Sunday, June 12, 2016

Wine Review: CVNE Monopole 2015 Rioja Blanco

Cune Monopole 2015 Rioja Blanco

This is the second of three wines by CVNE that I'm revewing. The first one is  Viña Real 2015 Rioja Rosado, this one is CVNE Monopole 2015 Rioja Blanco, and the conclusion is Cune 2015 Rioja Rosado. The winery goes by both CVNE and Cune, Cune being a typo that stuck. The acronym is pronounced coo-nay and stands for Compañia Vinicola del Norte de España. It was founded in 1879 in Haro, Rioja and has been a leader in progressive winemaking and modernization since its inception.

Monopole is 100% Viura and CVNE has been making it under the Monopole label since 1915. Viura is also known as Macabeo and it's one of the grapes used in making Cava, Spain's famous sparkling wine. I've adored the Viura's of Rioja since the first time I ever tried it... so let's hope I don't get my first dud.

As someone that spent his teenage years in the 90's, I must admit that I have a soft spot for KoRn.  I know, I know. Pick on me all you want because I really don't care. Despite their ridiculous commercial success and a few albums where they lost themselves, they were a great band so fuck off. Anyways, for whatever reason I've decided to play their self-titled album tonight while I review this wine.

Crank up the bagpipes and pop the top. Rrrrrrrrrrratatataaaa.

I like that the glass is green, the bottle is tall and thin, and that it's got a stelvin but I'm not a fan of the label. I just don't find it all that appealing. It's gotta be the vertical green on the left hand side with the sideways "Cune". Sorry, it just looks like a bottle that I can get at Trader Joe's for $6. Get rid of that part and you've got an attractive package.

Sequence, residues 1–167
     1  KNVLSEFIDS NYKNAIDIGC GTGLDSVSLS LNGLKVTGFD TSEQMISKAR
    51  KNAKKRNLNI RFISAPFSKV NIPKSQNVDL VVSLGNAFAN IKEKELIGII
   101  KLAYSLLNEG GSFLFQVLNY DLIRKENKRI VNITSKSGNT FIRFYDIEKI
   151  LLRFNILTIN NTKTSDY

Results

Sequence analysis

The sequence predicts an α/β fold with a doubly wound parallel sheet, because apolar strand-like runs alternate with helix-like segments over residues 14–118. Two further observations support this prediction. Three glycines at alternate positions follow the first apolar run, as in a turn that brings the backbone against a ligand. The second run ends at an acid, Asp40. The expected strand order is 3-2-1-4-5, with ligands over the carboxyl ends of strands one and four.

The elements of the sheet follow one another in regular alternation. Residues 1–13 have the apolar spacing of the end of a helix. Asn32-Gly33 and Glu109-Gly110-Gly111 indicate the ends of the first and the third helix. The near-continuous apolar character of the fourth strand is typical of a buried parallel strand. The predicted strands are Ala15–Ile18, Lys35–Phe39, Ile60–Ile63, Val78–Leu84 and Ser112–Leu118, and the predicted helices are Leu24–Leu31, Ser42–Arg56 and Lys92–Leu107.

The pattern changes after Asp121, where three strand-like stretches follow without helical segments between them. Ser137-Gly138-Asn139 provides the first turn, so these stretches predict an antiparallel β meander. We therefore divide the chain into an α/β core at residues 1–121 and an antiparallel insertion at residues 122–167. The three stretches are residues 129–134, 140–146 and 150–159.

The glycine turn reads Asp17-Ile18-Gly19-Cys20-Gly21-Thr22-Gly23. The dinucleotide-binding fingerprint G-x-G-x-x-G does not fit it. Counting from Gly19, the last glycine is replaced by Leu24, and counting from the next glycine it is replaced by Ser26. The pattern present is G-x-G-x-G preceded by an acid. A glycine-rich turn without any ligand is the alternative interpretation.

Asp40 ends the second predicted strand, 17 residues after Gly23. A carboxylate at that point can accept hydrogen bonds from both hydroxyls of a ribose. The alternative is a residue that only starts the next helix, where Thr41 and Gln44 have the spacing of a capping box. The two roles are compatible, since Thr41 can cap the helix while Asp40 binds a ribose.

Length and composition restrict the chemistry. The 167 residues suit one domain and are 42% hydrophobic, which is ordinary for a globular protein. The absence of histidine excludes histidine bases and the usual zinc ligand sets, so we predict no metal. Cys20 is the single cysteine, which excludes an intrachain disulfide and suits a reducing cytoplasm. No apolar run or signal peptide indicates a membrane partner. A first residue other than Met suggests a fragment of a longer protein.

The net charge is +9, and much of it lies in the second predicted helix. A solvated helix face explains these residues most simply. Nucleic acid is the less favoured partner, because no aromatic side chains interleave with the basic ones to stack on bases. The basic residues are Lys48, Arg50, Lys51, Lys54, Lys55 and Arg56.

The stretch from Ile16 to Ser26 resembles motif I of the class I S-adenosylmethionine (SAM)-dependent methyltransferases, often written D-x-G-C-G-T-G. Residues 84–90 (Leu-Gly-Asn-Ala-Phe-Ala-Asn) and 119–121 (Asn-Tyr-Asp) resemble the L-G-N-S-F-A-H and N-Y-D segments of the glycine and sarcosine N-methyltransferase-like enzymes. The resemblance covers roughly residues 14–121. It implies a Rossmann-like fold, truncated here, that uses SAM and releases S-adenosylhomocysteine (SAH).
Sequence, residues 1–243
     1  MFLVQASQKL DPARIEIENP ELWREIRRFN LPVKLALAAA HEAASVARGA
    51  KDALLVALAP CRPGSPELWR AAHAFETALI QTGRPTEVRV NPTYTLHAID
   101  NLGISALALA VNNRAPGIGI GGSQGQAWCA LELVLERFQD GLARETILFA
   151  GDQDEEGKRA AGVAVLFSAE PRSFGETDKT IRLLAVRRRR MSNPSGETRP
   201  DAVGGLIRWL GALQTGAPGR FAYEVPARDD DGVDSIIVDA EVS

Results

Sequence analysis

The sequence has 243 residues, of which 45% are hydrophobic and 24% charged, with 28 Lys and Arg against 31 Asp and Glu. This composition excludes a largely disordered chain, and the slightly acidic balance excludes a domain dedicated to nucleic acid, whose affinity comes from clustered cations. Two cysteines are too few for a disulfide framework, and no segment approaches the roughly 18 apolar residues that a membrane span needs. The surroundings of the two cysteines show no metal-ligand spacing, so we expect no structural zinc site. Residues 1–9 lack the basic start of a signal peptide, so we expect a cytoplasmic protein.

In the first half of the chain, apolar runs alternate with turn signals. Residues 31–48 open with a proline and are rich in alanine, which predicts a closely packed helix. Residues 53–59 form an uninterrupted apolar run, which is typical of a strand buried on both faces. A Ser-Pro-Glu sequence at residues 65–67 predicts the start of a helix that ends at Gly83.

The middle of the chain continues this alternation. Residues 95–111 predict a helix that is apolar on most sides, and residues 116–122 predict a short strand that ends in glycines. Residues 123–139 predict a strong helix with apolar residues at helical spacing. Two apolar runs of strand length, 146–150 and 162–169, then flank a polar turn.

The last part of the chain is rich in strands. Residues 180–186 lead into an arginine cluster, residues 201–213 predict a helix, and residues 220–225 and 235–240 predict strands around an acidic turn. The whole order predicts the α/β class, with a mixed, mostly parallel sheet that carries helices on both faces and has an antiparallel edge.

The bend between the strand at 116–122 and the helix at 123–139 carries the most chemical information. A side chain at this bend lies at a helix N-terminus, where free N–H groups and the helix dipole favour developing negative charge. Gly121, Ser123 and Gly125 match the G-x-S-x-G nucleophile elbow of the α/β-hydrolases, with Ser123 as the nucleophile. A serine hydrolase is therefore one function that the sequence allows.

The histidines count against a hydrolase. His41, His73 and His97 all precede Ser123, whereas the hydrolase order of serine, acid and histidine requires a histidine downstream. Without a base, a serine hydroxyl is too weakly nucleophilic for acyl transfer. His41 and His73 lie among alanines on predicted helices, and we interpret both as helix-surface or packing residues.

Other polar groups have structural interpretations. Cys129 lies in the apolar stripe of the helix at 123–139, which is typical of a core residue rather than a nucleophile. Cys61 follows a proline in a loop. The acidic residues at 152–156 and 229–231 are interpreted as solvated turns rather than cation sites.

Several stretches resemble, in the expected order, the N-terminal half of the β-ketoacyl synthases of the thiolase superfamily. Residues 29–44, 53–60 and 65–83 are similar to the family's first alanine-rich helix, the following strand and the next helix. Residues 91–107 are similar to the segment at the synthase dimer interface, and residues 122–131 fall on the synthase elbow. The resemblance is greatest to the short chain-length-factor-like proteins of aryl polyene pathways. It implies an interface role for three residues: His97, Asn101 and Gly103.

The wine is a pale yellow with just the slightest, almost nonexistent, hint of green. And dear lord, the nose! I really dislike terms like "jump out of the glass" and I cringe whenever I see it used but... yeah... the aromas here jump out of the glass! There's some pretty noisy limes, melons and grass screaming their way out of this liquid.

In the mouth the profile takes a turn on the midpalate and goes more for lemon, grapefruit and peaches and brings back the limes and melons on the finish. It's light and crisp and packed with asskicking acidity.

I want to grab every Sauvignon Blanc obsessed person I know and make them try this, especially the ones that drink nothing else. It's comparable enough to a Sauvie but not enough to be a Sauvie wannabe. And honestly it's not complicated, it's not elegant, but it's as lively and impactful as the power chords I'm hearing in my headphones. And for $13 it's an incredible bargain.

Price: $13
Rating: 4/5 = Recommended (what does that mean?)

The bottle used was supplied free of charge for the purpose of this unpaid review. To have your wine reviewed follow this link.



Twitter Instagram Vivino YouTube Facebook Google+

Trending Posts